|Publication number||US6122051 A|
|Application number||US 09/090,712|
|Publication date||Sep 19, 2000|
|Filing date||Jun 4, 1998|
|Priority date||Jun 4, 1998|
|Also published as||DE69904558D1, DE69904558T2, EP1002220A1, EP1002220B1, WO1999063311A1|
|Publication number||090712, 09090712, US 6122051 A, US 6122051A, US-A-6122051, US6122051 A, US6122051A|
|Inventors||David A. Ansley, Lacy G. Cook|
|Original Assignee||Raytheon Company|
|Export Citation||BiBTeX, EndNote, RefMan|
|Patent Citations (11), Referenced by (74), Classifications (16), Legal Events (4)|
|External Links: USPTO, USPTO Assignment, Espacenet|
This invention relates to the field of spectrometry, and more particularly to a multi-slit spectrometer in combination with a two-dimensional detector array to enable simultaneous spectral analysis of several objects.
A spectrometer is used to analyze a beam of light into its component colors. FIG. 1 illustrates a simple prism spectrometer 10. Light from a luminous source I passes through a slit S and is collimated by lens C before impinging on the prism P. The index of refraction of the prism P varies as a function of wavelength. This is called dispersion. The index of refraction is greater for shorter wavelengths. Therefore, by Snell's law, the prism bends the violet light into a larger angle than the red light. Lens L1 focuses the light and forms a real image of the slit S at image plane A. The real image is called the spectrum of the luminous source I. The width W of the real image is a function of the maximum-minimum wavelength range of the luminous source I, the dispersion of prism P, and the focal length of lens L1.
As shown in FIG. 1, the lateral location of the image of the slit S in the image plane A is a function of the wavelength. If the light from luminous source I is monochromatic, i.e. a single wavelength (color), then only one image of the slit is formed. The color of the slit image is the color of the monochromatic light. If the light is polychromatic, i.e. white, then a continuum of slit images is formed, each at a slightly different location, and each at a slightly different color. In the example shown in FIG. 1, for example, the solid rays represent red light, and the dashed rays represent violet light.
It is well known that a thin straight slit is preferable to avoid overlapping of the images. If the slit is made wider, the purity of the slit images is reduced. In other words, at any point in image plane A, the image becomes a blend of slightly different wavelengths from the left, center and right side of the slit. This blending is the math function called convolution.
One application in which spectrometers are used is in obtaining aerial reconnaissance imagery, wherein the spectrometer is located on an aircraft, and a detector array is located at the image plane. Multispectral imagery is very low intensity because the spectrometer spreads the light received from objects on the ground across many detector elements.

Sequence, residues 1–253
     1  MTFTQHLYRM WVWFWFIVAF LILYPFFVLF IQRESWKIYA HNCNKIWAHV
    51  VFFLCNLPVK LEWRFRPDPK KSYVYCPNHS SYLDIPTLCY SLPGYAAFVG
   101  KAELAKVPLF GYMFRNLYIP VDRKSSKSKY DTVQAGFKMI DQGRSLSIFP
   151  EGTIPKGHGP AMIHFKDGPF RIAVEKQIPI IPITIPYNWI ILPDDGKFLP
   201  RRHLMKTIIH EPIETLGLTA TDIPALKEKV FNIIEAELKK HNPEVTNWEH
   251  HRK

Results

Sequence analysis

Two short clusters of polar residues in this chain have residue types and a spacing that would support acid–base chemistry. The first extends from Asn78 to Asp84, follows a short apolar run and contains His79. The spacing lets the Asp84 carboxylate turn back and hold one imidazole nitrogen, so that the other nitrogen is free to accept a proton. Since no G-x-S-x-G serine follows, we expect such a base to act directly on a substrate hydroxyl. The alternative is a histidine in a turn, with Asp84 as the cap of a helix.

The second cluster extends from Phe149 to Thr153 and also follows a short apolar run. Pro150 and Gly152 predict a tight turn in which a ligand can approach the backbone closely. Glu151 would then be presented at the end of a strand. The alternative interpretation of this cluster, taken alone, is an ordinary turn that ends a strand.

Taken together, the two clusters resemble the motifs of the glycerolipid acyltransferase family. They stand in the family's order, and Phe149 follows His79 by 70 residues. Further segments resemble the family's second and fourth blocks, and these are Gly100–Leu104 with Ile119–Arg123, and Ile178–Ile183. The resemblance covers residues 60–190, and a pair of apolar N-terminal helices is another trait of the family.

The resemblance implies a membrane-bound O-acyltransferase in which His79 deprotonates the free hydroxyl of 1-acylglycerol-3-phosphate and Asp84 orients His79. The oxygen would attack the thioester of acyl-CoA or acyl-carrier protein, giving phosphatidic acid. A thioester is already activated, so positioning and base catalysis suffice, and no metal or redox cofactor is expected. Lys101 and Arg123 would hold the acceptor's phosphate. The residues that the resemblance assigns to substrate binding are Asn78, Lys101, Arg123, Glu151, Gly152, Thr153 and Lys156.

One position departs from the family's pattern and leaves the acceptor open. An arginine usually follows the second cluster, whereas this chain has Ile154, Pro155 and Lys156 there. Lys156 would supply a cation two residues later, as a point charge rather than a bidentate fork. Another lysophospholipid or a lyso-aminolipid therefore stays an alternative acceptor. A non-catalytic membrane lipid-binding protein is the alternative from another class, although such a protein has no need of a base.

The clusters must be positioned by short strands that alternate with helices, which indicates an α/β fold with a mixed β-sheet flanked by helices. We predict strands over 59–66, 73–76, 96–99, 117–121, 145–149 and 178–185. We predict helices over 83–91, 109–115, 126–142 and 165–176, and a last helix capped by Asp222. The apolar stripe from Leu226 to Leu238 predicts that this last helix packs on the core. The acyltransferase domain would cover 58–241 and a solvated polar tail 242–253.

A multi-slit spectrometer is described, and includes a multi-slit structure defining a plurality of thin slits, and a first lens for directing object light onto the multi-slit structure. A second lens collimates and directs light which has passed through the slits of the multi-slit structure onto a light dispersing element such as a dispersing prism or a diffraction grating. A third lens focuses light which has passed through the light dispersing element onto the two-dimensional detector array at an image plane. In an airborne sensor, a mirror which rotates at an angular velocity related to the velocity of the airborne platform directs object light onto the first lens, freezing the image from one or more objects onto the multi-slit structure for an integration time.
The multi-slit spectrometer can be combined with a two-dimensional detector array such as a CCD camera or an infrared focal plane array to provide simultaneous spectral analysis of several objects. For applications such as aerial reconnaissance, this multi-slit feature results in longer integration times and hence higher signal-to-noise ratios. The detector array comprises a plurality of detector elements having a width dimension in a direction transverse to a direction in which the slits extend. The slits are separated by a distance equal to a multiple of the width dimension, wherein the multiple is equal to N times the number of slits, plus or minus one, where N is an integer.
These and other features and advantages of the present invention will become more apparent from the following detailed description of an exemplary embodiment thereof, as illustrated the accompanying drawings, in which: